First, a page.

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White House senior adviser Jared Kushner sits behind U.S. United Nations ambassador Nikki Haley before the start of a Security Council meeting on the situation in the Middle East at the United Nations in New York, U.S., February 20, 2018.  REUTERS/Lucas Jackson - RC1A60E82F00
Unpacked

Security clearances at the White House

Editor's Note:

In Unpacked, Brookings experts provide analysis of Trump administration policies and news. Don’t miss any of our Unpacked videos, subscribe to our Brookings Creative Lab YouTube channel.

THE ISSUE: More than a year into office, the Trump administration reportedly still has dozens of officials working under interim security clearances. In some cases, individuals with interim clearances had access to the nation’s highest level of intelligence information under President Trump, posing a grave threat to national security.

The risk of  having dozens of interim security clearances still in place is that somebody will accumulate a large amount of exposure to the highest level of classified information and then their clearance will be reduced or removed.

THE THINGS YOU NEED TO KNOW:

  • It’s extremely unusual to be in a situation where a year into functioning under a new president, the White House still has dozens of individuals with interim security clearances.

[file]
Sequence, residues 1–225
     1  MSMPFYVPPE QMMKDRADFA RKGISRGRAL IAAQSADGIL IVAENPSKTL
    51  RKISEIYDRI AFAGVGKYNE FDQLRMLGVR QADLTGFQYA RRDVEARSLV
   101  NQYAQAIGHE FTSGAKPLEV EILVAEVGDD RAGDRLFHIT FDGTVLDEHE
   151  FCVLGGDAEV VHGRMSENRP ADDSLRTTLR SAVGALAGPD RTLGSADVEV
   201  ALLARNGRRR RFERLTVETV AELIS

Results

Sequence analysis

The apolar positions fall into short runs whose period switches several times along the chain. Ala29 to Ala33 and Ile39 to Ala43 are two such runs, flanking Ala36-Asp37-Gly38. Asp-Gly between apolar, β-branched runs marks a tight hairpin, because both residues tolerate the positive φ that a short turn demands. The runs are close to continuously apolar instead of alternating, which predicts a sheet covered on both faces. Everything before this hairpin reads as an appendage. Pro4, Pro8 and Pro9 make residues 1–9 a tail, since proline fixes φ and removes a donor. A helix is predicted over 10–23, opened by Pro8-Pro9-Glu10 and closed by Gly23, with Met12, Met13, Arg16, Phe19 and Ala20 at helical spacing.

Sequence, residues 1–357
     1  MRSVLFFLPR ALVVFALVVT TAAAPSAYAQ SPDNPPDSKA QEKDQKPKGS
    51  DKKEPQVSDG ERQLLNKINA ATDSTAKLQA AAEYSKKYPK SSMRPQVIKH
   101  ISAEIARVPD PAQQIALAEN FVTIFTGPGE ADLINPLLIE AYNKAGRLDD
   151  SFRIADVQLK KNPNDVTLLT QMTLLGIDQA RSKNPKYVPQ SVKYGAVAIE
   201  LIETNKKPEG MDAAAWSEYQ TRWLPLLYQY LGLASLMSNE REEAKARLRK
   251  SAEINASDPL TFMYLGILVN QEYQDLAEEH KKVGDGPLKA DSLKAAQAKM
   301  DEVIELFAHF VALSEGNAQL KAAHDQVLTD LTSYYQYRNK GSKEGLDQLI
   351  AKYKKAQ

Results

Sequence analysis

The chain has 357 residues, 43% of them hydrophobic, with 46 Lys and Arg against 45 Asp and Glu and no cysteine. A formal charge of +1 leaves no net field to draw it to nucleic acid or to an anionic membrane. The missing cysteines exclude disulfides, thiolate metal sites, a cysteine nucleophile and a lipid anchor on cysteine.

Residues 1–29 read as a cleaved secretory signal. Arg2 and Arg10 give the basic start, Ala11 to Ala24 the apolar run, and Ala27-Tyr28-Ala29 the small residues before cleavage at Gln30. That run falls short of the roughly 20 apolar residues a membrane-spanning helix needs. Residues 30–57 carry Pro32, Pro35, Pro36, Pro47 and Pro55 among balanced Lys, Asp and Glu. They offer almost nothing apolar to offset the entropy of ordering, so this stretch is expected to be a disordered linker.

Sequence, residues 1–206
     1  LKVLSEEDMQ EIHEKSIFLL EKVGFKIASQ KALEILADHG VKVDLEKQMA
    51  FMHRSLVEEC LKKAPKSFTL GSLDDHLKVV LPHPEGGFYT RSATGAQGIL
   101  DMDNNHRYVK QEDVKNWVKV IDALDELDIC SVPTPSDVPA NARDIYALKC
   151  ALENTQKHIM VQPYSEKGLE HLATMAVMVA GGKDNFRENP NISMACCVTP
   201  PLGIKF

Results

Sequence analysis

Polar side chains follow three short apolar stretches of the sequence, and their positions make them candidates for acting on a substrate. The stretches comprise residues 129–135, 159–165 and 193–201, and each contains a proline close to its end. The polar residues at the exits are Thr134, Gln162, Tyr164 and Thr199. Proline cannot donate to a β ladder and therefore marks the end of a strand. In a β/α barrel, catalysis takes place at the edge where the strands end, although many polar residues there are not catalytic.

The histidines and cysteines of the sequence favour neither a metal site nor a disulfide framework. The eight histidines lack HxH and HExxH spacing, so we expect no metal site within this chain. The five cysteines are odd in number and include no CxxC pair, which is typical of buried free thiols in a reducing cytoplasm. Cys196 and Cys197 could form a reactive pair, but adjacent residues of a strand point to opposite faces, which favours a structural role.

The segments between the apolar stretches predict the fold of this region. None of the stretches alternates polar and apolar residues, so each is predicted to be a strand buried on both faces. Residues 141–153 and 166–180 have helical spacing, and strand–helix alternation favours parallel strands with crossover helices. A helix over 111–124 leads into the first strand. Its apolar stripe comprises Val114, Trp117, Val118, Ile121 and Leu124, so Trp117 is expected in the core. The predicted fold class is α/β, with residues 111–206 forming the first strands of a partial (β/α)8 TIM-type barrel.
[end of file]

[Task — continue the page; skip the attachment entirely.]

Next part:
• An interim clearance functions just like a permanent clearance. If the level of your interim clearance is Top Secret/Sensitive Compartmented Information (SCI), the highest level, then you get to see the highest level information.
  • It’s unusual for interim clearances to drag on for months and potentially dangerous to have people with an open-ended interim clearance seeing Top Secret/SCI intelligence.
  • What has gone wrong with the White House security clearance process for officials like the now-departed Staff Secretary Rob Porter is, like many other things in the Trump administration, a lack of regular order.
  • The risk presented by being this far into an administration and having dozens of interim security clearances still in place is that somebody will accumulate a large amount of exposure to the highest level of classified information and then their clearance will be reduced or removed.
  • You can’t make people forget what they’ve already learned. We cannot run a country that way.
  • The United States holds the most important secrets in the world and we need to have a high degree of confidence that those secrets are going to be protected by people who have proper, fully adjudicated clearances.
  • As is alas so often the case with the Trump administration, the White House didn’t get around to doing the right thing until the bad news hit the papers.
  • John Kelly, the chief of staff, has said he’s going to regularize the security clearance process. What he’s doing–and it should have been done long ago–is establish a set of standards. He’s going to take away interim clearances in many cases. He’s already done that in one very high-profile instance by downgrading the clearance of the president’s son-in-law and senior adviser, Jared Kushner.
  • It’s about time that some order was imposed on this chaotic process. I only hope that our nation’s secrets have not been endangered by the failure to establish this normal order sooner.

THE SOURCES:

President Trump and the power to pardon

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